The Crimson had nine hits in the second game against Penn (14-10, 6-2), but only one—Hale’s leadoff jack in the fifth—went for extra bases, forcing Harvard to turn to the running game for its offense. Crimson baserunners stole three bases on the day and were caught stealing twice more.

Harvard staked Hendricks to a 2-0 first-inning lead on two singles, a double steal, a fielder’s choice, an error and two RBI groundouts.

The Crimson looked poised to score again in the fourth with runners on first and second and nobody out, but Harvard—in a pattern that repeated itself all weekend—couldn’t come up with the timely hit. Klimkiewicz was caught stealing and Mackey grounded into a double play to end the inning.

After plating two more runs in the fifth, the Crimson bats went cold, as the Quakers sent them down 1-2-3 in each of the last four innings.

Meanwhile, Penn touched the Harvard bullpen for three runs in the bottom of the eighth for the win.

It was the second time in three starts that Hendricks left with a lead, only to see the Crimson lose.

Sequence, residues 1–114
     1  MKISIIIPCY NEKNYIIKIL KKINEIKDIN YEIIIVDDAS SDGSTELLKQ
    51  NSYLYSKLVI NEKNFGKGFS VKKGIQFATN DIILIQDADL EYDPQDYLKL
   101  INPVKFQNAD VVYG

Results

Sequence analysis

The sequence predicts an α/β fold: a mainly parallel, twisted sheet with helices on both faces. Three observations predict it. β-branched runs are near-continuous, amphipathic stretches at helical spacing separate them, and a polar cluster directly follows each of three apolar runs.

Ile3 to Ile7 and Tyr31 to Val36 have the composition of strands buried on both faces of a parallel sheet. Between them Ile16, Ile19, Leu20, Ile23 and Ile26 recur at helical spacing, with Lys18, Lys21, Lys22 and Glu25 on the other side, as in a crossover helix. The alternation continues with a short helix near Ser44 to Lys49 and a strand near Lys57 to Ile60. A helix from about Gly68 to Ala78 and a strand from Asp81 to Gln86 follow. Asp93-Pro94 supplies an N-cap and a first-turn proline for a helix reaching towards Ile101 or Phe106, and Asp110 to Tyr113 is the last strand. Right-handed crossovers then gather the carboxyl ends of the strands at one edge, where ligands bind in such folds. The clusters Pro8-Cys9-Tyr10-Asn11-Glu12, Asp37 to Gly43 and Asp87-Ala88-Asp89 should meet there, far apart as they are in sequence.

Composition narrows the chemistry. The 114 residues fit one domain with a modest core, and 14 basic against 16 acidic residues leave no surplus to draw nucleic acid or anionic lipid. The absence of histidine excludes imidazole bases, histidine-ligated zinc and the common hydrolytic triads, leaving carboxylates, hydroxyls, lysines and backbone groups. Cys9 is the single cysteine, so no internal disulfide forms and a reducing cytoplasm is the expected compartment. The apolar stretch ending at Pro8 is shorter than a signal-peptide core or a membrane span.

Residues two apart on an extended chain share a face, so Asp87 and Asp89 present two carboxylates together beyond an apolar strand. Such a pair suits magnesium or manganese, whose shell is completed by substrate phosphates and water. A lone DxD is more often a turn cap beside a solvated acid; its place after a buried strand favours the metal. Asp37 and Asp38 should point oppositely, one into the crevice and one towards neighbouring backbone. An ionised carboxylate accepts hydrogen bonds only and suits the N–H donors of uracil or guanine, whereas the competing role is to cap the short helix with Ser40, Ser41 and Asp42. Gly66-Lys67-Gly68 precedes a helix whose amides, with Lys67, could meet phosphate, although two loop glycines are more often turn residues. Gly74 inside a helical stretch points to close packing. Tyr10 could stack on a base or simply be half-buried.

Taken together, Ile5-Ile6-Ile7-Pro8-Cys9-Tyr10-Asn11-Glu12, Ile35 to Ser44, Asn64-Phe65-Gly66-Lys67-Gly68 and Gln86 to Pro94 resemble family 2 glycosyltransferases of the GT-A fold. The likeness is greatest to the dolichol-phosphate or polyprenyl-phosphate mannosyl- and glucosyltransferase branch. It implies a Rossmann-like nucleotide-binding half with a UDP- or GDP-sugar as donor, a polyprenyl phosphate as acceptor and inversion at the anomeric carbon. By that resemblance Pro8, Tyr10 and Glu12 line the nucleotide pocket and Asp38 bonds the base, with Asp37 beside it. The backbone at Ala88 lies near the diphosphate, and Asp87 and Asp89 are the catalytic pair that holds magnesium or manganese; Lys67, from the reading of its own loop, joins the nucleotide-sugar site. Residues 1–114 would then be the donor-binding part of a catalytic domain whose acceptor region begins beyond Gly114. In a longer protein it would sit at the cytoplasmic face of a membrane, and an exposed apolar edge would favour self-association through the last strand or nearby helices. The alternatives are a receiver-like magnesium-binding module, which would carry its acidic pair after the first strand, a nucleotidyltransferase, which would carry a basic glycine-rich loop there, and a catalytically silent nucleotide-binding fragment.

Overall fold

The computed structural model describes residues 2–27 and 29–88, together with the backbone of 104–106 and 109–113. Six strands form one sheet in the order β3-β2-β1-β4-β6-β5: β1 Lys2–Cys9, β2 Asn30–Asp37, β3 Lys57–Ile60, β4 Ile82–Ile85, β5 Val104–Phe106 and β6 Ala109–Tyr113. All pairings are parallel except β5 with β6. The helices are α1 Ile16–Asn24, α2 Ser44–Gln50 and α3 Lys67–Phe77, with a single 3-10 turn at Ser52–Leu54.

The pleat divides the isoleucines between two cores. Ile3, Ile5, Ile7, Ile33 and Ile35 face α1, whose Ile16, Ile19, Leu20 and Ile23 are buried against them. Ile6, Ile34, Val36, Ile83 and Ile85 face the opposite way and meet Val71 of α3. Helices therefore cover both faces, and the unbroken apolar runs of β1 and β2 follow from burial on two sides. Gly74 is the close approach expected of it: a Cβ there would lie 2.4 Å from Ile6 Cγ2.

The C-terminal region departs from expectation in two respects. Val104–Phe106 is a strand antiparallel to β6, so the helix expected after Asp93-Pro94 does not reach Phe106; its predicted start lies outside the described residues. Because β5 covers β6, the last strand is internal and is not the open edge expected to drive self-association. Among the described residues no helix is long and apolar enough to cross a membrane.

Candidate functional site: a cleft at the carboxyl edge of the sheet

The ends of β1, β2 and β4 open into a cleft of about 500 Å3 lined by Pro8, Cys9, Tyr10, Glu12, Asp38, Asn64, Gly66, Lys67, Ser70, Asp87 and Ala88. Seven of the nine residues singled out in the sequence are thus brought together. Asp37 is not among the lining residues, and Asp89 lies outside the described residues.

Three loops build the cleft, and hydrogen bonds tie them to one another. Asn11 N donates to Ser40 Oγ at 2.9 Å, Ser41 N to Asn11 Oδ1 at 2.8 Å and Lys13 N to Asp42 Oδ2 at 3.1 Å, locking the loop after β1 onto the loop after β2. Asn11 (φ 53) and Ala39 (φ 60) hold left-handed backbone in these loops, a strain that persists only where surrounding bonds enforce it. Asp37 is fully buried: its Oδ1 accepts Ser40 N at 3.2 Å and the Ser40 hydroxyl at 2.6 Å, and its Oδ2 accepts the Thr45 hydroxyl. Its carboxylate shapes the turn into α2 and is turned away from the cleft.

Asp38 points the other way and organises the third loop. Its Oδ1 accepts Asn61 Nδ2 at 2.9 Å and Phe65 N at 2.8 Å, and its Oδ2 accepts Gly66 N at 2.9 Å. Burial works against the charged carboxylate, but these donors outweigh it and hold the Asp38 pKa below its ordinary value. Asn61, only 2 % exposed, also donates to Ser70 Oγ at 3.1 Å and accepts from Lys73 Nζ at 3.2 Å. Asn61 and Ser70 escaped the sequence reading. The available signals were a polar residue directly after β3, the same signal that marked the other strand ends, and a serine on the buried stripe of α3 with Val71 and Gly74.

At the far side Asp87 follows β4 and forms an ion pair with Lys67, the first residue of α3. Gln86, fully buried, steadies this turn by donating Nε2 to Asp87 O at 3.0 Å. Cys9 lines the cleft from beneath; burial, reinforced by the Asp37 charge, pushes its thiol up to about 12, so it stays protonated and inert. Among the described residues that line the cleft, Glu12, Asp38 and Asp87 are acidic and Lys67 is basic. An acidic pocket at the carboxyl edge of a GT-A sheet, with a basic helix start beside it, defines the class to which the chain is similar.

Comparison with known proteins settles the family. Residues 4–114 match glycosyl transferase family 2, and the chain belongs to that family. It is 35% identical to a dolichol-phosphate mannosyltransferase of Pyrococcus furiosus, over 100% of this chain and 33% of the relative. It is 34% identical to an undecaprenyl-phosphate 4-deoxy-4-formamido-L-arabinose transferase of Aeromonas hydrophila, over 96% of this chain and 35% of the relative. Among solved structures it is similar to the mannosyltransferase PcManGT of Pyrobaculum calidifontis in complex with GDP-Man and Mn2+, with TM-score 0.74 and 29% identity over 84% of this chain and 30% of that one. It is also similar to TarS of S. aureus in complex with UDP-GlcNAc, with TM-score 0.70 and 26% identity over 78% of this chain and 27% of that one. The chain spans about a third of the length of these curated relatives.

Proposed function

“[The bullpen] got put in a couple of tough situations where you either are the hero or you kind of want to forget about it,” Morgalis said.

Harvard 11, Penn 6

The Crimson had rallies end twice when players were caught stealing with two outs but Harvard still had enough offense to take the victory in its conference opener. Morgalis, a transfer from Notre Dame, went 5.2 innings, giving up six runs—three earned—to pick up his first collegiate win in his introduction to Ivy baseball.

“It’s like any other conference,” Morgalis said. “The games mean a whole lot more.”

Harvard turned a 5-3 lead into a 10-3 advantage with a five-run sixth that started with a Hendricks double and featured a two-RBI single by sophomore shortstop Ian Wallace and an RBI double from Farkes.

Penn came back with three runs in its half of the sixth, but captain and closer Barry Wahlberg came on and struck out Andrew McCreery, who had earlier hit a three-run homer, to end the Quaker rally. Wahlberg shut the door in the seventh to secure the victory.

Wallace and Salsgiver each went 2-for-3 with three RBI and scored twice, while Farkes had two hits, two RBI and scored a run.

Every Crimson batter recorded at least one hit.

Now that the Crimson has readjusted to the cold weather—which was especially hard on relievers called upon to enter the game on short notice—after a spring break trip to Florida, it should be prepared for a stretch of nine consecutive games in the Boston area, beginning Wednesday when it hosts Holy Cross at 3 p.m.

—Staff writer Alan G. Ginsberg can be reached at aginsber@fas.harvard.edu.